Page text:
MIAMI -- A federal appeals panel has thwarted an ally of Venezuelan President Nicolas Maduro's attempts to be recognized as a foreign diplomat, leaving it to a lower court to decide for now whether he is immune from prosecution.
The Eleventh Circuit Court of Appeals panel did not rule Monday on the merits of businessman Alex Saab's argument that his detention, during a refueling stop on his way to Iran, violated U.S. law and numerous international treating protecting diplomats.
Instead, it said it was an issue best decided by the Miami federal judge overseeing the criminal case against Saab, meaning that it could still take up the matter at a later date.
“The parties did not have the opportunity to fully develop the record, and the district court did not have the opportunity to weigh the evidence, concerning Saab Moran’s claim,” the appeals panel said in its brief ruling, “Accordingly, we remand the case to the district court to consider in the first instance whether Saab Moran is a foreign diplomat and immune from prosecution.”
Saab’s attorneys have argued that he was traveling to Iran as a duly appointed special envoy of Maduro’s socialist government when he was arrested on a U.S. warrant nearly two years ago in Cape Verde. They’ve produced letters to Iran’s supreme leader by Maduro’s foreign minister and a diplomatic note from Iran’s Embassy in Caracas backing their claim.
But prosecutors have cast doubt on the authenticity of those documents and point out that the State Department has never accepted Saab’s supposed status as diplomat. Indeed, in 2019, the U.S. recognized opposition leader Juan Guaidó as Venezuela’s legitimate leader, although more recently the Biden administration has taken steps to engage with Maduro, who has clung to power in the face of severe U.S. oil sanctions.
“This is a ruse set up by a rogue nation to evade criminal prosecution,” Jeremy Sanders, an attorney with the Justice Department in Washington, said during a hearing last month.
Attorneys for Saab did not comment on the ruling.
U.S. officials maintain Saab was among a cohort of insiders who reaped huge windfall profits from dodgy contracts to import food while millions in the South American nation starved. He was indicted in Miami in 2019 on money laundering charges connected to an alleged bribery scheme that pocketed more than $350 million from a low-income housing project for the Venezuelan government.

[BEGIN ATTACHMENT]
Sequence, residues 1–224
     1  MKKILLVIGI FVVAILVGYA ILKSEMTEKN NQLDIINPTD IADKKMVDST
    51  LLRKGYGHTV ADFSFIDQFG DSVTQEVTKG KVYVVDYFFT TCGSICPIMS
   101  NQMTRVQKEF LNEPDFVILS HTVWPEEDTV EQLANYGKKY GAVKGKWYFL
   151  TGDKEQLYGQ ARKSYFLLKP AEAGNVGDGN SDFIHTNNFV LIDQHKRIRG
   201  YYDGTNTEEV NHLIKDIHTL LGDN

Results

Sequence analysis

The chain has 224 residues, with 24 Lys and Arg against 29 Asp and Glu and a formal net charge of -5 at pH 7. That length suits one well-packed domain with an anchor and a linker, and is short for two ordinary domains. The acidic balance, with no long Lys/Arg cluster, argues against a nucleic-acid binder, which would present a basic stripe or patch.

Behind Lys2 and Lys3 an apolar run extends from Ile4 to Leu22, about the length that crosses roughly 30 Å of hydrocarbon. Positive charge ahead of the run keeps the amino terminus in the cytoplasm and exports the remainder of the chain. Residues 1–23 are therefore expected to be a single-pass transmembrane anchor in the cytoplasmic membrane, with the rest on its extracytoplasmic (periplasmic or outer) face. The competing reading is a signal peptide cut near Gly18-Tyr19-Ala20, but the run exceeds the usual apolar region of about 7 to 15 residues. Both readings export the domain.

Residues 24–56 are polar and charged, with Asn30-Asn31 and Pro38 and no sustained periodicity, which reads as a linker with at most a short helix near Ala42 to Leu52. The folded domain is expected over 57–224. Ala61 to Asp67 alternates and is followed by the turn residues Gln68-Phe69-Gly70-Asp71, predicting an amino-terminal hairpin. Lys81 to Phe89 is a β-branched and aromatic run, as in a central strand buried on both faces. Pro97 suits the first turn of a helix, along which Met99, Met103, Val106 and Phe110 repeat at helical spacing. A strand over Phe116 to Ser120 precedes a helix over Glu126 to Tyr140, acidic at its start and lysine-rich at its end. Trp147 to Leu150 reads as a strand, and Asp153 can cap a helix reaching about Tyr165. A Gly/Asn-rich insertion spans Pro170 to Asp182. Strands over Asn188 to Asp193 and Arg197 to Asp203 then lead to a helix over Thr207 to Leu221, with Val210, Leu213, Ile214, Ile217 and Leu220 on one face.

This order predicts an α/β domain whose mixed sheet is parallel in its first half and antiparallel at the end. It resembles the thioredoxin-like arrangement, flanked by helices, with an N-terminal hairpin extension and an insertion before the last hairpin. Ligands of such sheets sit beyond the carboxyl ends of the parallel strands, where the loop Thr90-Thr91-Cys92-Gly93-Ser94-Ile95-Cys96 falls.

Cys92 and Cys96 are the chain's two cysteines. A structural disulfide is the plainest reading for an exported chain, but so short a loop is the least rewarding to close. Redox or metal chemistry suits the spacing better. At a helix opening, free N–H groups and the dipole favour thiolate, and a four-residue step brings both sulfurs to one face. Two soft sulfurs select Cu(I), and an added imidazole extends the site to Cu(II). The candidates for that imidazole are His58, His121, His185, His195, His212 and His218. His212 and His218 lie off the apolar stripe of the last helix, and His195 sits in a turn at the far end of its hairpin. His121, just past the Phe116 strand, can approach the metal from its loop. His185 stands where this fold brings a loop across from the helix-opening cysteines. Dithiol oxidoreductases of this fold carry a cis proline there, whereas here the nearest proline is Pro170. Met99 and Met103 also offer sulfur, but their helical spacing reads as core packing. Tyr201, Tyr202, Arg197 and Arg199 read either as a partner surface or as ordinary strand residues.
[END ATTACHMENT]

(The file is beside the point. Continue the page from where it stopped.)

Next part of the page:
Maduro’s officials consider Saab a “kidnapping” victim and have tried to rally popular support in Venezuela to demand his freedom. At the time of his arrest, they said he was on a humanitarian mission to Iran to negotiate the purchase of food, which has become more difficult to import as U.S. sanctions have cut off Venezuela’s ties to the western financial system, exacerbating an economic collapse marked by years of hyperinflation, electricity blackouts and widespread shortages.
Maduro led supporters to chants of “Free Alex Saab” at a rally Sunday in Caracas to commemorate May Day.
But it's not clear Saab remained loyal to the government that made him rich.
Recently unsealed court records show that in the years prior to his arrest Saab had been an “active law enforcement source” helping agents from the Drug Enforcement Administration and Federal Bureau of Investigation investigate allegations of bribery of top Venezuelan officials. As part of that cooperation, he also agreed to surrender profits obtained as part of the dirty dealings.
In an April 2019 meeting with U.S. prosecutors in Europe, the two sides discussed having Saab surrender on May 30 of that year, according to a summary of events contained in court records. But the deadline passed and Saab never showed up, having ended all communication with U.S. officials, according to the court record. He was indicted a few weeks later.
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